Wednesday, January 15, 2014

The Prized Collection

Paloma glanced at the room, making sure it was spic and span, every object in its place. Her eyes then ran over the various mementos she had collected over the years during her travels. The large African tribal dolls, the Mexican hat on the wall, the miniatures from Thailand, the ivory table - again, from Africa... Juggling, shuffling, remodeling her rooms sometimes to fit in her acquisitions.

When her husband and she divorced a few years ago, she had negotiated hard to get this house with the artifacts. They hadn't fought so hard about the custody of the children even! Building on what she had - how she loved it! She had managed to find a job that helped her maintain her lifestyle. She traveled, collected, displayed them and invited people for parties so that her displays could be admired and envied. Once her children flew the nest, she felt all her restrains breaking. To the world and her friends, it looked as if she were filling the emptiness in her life with travel. But to her, the children had finally vacated the space she needed to explore the world more. Of course she loved them, they were her children, after all! But she could not hang them on walls. Their achievements were modest and sometimes a good excuse to entertain. Now...

The phone rang. "Hi baby!" she said, excited to hear from her daughter.

"How was your trip?" Tapasi asked.

"Great! I got a rare miniature painting that I just hung up near the staircase. You know the space..."

"Yea, yea... I know. I just called to say I maybe coming down next week for a couple of days."

"Oh how wonderful! You haven't seen the ivory box or the sandalwood..."

But her daughter impatiently ended the call. Paloma sighed sadly. Her daughter strangely did not share her excitement for beauty. She hoped at least her daughter-in-law would. After all, after her, it would all pass down to them and she hoped it was to someone who knew the worth of the things she had collected painstakingly.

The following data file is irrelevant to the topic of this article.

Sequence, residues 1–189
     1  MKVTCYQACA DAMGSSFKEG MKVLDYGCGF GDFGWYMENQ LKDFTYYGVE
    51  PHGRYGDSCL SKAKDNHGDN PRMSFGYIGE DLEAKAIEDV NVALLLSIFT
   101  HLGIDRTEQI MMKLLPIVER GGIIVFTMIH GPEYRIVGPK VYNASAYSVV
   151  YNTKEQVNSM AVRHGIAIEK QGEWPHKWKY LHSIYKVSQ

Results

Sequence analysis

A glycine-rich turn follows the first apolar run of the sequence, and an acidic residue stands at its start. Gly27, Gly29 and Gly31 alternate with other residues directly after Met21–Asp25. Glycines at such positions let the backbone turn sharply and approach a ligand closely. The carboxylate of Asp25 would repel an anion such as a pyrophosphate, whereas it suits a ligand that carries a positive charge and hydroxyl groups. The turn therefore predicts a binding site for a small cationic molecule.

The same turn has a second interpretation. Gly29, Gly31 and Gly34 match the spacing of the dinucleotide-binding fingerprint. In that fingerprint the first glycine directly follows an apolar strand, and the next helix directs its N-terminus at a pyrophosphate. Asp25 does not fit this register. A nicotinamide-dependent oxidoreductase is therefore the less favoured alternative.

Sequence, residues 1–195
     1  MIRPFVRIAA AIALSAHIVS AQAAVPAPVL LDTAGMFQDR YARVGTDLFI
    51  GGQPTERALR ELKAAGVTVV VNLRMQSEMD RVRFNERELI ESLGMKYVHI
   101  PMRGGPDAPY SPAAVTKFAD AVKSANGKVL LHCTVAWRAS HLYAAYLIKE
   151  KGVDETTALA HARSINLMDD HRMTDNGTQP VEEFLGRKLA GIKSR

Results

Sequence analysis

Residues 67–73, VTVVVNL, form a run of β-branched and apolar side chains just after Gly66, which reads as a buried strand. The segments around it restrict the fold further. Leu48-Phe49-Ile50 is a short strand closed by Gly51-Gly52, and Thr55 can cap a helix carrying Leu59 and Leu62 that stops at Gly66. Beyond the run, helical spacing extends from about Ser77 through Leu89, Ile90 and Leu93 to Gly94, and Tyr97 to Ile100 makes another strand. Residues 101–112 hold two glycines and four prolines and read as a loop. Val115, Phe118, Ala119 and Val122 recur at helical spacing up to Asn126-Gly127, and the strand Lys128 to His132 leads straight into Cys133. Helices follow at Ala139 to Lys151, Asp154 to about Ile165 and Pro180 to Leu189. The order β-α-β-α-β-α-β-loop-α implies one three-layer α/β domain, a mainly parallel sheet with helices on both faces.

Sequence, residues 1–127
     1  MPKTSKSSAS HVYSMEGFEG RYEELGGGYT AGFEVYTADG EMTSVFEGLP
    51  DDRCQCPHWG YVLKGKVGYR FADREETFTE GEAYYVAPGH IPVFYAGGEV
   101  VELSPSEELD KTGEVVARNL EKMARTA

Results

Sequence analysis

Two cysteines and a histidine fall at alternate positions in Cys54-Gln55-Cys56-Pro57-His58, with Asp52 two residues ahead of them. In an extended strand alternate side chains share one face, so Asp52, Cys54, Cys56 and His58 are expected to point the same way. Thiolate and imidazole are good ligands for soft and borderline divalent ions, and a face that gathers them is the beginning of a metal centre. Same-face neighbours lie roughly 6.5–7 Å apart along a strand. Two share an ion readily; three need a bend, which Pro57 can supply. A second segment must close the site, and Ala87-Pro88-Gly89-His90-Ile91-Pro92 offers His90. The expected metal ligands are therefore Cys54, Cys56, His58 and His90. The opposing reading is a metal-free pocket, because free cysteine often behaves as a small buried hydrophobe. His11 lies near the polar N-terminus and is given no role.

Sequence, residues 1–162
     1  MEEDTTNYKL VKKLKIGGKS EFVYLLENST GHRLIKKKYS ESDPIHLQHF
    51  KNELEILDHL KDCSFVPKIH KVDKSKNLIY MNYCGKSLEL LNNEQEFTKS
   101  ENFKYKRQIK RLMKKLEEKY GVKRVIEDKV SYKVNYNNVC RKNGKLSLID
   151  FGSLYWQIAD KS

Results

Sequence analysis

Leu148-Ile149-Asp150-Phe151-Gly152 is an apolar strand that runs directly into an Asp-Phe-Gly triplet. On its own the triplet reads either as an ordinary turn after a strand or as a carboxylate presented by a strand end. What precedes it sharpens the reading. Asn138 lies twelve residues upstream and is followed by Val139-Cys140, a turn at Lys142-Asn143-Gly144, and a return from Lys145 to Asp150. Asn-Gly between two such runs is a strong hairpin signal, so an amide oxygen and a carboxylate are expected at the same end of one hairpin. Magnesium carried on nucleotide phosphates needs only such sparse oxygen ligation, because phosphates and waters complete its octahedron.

But that was not to be. The young bride of her son was an outdoors person who traveled light and liked her house furnished simply. Paloma turned to her daughter, trying to get her excited, telling her of the money she spent on each piece, where she bought them, how she knew it was authentic stuff... Paloma hoped Tapasi was able to appreciate the time and effort each piece cost her.

When she breathed her last, her thoughts were for her possessions. Would they be taken good care of?

"This is like a museum!" Nethra, the daughter-in-law said as Paloma's children and their spouses sat around to discuss the next move. "Selling it is the only way out."

"But who will buy? Are they really worth it?" Veer, Paloma's son asked.

"How many times I told mom not to just keep getting things! I told her we have our own stuff to worry about, but she insisted it was for us! Let's just divide them and then do the best that we can!" Her voice broke as she remembered her mother's pride in her purchases, but frustration at being burdened with all this contorted her face.

The discussion continued long into the night, and Paloma's spirit, which lingered awhile, screamed in agony unheard as her callous children treated the artifacts with scant respect. How she wished she could take them with her to her new home! How she wished she could mark this address and be reborn. But already, she was dissolving into nothingness and her memory fading. Only the desire to cling to her acquisitions remained strong.

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